Korail mobilized some 9,600 regular and 4,200 emergency workers - including retired Korail train drivers, Korail office workers and military personnel who hold licenses for train operations - yesterday alone. The combined number only accounts for 55 percent of the daily workforce.
“Many emergency workers are getting tired. We have no choice but to give them breaks beginning early this week and the number of workers will decrease even more,” said an official at Korail who asked not to be named.
The Ministry of Land, Transport and Maritime Affairs is planning to urge passengers to take either expressways or cross-country buses.
The ministry will also lend cargo trucks to shippers to use for emergency transportation. The strike cost Korail 3.7 billion won ($3.1 million) from Thursday to Saturday. “We will use this opportunity to correct the union’s habitual custom of going on strikes and its irrational system,” Korail CEO Huh Joon-young said. “We are going to also ask for deep understanding from people who had to suffer inconvenience due to the strike.” Huh stressed that there will be no negotiations unless the union ends its strike. The union showed no signs of doing that.
“The union went on strike because the firm abrogated its collective bargaining agreement unilaterally while the government is pushing forward with advancing public firms,” Baek Nam-hui, an executive in charge of managing information of the union, said. “We have no plan to end the strike as long as the government is pushing for personnel restructuring.”
“In a situation where a number of young job seekers are in pain getting jobs, people cannot understand and they will not understand the illegal strike caused by a public firm’s union workers whose employment period is guaranteed. Compromises should not be made with the strikers,” Blue House spokeswoman Kim Eun-hye quoted President Lee Myung-bak as saying on Saturday.
Rail Strike Cuts Passenger Services to 60 Percent
The Korea Times: 11-29-2009 여성 남성
By Kwon Mee-yoo, Staff Reporter
The rail workers' strike entered its fourth day Sunday causing major disruptions to freight and passenger transport. President Lee Myung-bak ordered strict action to be taken against public workers refusing to work.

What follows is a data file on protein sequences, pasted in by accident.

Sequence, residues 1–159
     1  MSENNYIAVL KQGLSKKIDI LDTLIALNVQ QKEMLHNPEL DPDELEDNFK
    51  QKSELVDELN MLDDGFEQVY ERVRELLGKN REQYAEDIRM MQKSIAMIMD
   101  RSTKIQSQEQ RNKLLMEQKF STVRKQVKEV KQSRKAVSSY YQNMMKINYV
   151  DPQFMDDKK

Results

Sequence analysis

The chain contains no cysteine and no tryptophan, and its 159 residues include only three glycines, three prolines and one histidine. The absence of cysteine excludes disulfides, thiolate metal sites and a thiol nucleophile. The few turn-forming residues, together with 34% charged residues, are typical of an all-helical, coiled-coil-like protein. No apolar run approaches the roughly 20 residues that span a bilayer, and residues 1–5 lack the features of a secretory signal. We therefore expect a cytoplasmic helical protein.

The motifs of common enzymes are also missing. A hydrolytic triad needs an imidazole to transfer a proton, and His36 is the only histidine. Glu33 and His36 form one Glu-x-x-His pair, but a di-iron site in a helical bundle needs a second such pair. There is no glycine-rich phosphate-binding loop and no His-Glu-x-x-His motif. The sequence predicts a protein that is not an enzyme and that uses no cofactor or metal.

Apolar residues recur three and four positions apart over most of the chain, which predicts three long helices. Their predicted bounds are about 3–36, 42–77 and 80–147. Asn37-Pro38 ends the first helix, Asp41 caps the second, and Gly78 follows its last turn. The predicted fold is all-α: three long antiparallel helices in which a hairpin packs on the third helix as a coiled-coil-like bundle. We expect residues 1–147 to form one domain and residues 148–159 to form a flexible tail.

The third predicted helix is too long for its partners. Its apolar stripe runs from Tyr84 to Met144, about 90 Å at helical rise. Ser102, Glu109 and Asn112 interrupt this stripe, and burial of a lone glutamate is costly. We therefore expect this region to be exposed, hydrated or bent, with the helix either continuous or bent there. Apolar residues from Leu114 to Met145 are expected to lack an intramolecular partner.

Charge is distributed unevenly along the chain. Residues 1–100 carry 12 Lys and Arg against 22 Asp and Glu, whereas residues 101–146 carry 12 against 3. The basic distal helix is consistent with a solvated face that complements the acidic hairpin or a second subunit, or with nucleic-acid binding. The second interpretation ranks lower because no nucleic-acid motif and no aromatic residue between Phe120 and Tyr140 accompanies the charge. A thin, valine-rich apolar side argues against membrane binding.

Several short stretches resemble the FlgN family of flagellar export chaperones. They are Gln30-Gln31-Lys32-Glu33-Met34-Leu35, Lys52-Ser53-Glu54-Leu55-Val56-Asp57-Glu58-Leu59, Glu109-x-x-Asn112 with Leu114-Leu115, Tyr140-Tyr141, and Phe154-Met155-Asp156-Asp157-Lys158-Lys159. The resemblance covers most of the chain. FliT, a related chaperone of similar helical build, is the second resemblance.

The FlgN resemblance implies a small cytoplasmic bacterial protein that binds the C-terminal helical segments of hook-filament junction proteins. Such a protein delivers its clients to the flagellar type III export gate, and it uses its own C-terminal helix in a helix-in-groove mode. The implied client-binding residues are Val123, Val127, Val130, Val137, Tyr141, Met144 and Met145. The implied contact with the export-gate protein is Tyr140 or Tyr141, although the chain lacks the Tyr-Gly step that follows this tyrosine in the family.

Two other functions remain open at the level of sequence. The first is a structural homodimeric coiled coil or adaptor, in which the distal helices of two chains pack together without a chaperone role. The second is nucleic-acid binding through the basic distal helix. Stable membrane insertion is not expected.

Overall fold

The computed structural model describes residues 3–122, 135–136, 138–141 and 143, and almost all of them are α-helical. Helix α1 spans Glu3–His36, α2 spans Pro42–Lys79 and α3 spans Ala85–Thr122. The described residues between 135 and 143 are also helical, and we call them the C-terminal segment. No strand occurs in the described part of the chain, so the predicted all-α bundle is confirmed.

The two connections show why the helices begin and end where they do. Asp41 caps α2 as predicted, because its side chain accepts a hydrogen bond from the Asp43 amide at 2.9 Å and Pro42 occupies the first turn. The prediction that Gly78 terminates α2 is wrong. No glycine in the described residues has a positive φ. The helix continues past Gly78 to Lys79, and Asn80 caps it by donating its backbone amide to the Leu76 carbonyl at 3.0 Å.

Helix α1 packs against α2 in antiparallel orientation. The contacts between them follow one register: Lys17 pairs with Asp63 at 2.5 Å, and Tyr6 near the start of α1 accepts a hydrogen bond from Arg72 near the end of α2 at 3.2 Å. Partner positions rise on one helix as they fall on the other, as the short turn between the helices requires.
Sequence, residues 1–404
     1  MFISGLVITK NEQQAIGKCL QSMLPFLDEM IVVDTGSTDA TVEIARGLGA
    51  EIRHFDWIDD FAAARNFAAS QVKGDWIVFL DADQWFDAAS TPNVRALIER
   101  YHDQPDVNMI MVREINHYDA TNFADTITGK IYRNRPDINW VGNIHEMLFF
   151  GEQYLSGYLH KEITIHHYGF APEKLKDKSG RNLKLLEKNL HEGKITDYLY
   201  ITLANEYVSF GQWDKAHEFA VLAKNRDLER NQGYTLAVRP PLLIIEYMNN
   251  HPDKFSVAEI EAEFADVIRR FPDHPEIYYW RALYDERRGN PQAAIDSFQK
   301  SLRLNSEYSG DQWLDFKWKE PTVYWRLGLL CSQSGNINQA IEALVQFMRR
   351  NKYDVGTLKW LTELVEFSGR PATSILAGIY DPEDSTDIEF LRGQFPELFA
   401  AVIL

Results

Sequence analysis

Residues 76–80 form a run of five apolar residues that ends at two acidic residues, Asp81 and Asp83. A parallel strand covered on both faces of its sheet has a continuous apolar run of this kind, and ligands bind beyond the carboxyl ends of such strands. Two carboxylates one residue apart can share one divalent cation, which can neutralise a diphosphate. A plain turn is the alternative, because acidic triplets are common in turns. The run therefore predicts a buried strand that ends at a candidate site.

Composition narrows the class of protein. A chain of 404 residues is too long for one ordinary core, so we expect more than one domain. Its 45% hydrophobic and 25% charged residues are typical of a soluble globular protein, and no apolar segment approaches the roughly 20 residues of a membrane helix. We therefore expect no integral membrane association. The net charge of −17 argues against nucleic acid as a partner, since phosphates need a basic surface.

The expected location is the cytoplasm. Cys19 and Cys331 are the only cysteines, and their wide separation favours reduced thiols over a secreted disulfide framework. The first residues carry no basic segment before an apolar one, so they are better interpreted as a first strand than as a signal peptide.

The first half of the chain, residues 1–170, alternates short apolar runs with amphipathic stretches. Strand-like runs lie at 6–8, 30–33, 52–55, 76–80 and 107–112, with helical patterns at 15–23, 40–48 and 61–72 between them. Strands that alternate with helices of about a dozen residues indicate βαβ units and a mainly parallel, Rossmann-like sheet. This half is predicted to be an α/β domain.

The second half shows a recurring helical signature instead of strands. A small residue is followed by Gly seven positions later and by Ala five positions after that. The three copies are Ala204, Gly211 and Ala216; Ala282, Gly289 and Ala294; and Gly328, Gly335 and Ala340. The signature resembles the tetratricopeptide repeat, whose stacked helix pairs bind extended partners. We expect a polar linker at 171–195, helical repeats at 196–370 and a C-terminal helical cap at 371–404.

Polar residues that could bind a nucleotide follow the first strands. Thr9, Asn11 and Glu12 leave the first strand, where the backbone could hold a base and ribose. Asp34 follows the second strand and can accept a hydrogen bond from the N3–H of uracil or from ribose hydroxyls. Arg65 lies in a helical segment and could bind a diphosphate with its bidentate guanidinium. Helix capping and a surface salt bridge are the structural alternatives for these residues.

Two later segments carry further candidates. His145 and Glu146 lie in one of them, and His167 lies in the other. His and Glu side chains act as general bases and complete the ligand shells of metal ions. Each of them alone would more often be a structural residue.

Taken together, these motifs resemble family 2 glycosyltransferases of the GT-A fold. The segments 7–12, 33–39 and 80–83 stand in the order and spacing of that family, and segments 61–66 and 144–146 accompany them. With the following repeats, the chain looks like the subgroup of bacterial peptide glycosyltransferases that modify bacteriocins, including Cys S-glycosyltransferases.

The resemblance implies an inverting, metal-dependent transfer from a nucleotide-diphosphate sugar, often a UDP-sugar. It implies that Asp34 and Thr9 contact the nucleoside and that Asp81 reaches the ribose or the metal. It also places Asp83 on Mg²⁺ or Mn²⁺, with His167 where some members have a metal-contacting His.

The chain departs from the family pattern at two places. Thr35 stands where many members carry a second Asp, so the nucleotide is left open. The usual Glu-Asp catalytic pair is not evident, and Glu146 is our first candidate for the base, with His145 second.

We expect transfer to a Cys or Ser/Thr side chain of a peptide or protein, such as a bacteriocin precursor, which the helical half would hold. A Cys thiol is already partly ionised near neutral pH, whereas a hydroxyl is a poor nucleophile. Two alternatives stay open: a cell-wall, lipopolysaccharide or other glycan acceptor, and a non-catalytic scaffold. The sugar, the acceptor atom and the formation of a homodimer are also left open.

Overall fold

The Korean Railway Workers' Union started an indefinite strike Thursday, which has almost paralyzed the nation's freight services. The union claimed that KORAIL unilaterally ceased negotiations Tuesday, which covered a wide range of key issues related to the company's downsizing plan, including wage cuts and reduction of welfare programs.
President Lee condemned the strikers for their "unreasonable and selfish" demands.
"We must not meet the terms of such a union," the President said at a government workshop attended by some 130 ministers and heads of state-run firms, Saturday.
"A strike by the union members of a public business, who are guaranteed lifetime employment, cannot be understood by the people. It cannot be tolerated especially at a time when hundreds of thousands of our young people are suffering because they cannot find jobs."
KORAIL is trying to deal with the cargo backlog. Freight trains' operation rate fell to 5 percent on Thursday, the first day of the strike. The rate was up to 31 percent by Sunday.
"We examined the goods piled up at logistics warehouses and stations, and decided to increase the number of freight trains to solve the problem," a KORAIL official said. "We will finish transporting all containers for import and export by Sunday."
However, the increase in freight trains resulted in a drop in the operation rate of passenger trains to some 60 percent Sunday.
While KTX, commuter trains and subway trains in the Seoul metropolitan area were operating according to their regular schedule, the Saemaeul and Mugunghwa trains were operating at only 60 and 63 percent, respectively, of their normal Sunday time table.
KORAIL filed complaints against nearly 200 unionists who led the walkout for impeding business with an illegal strike on Friday and Saturday.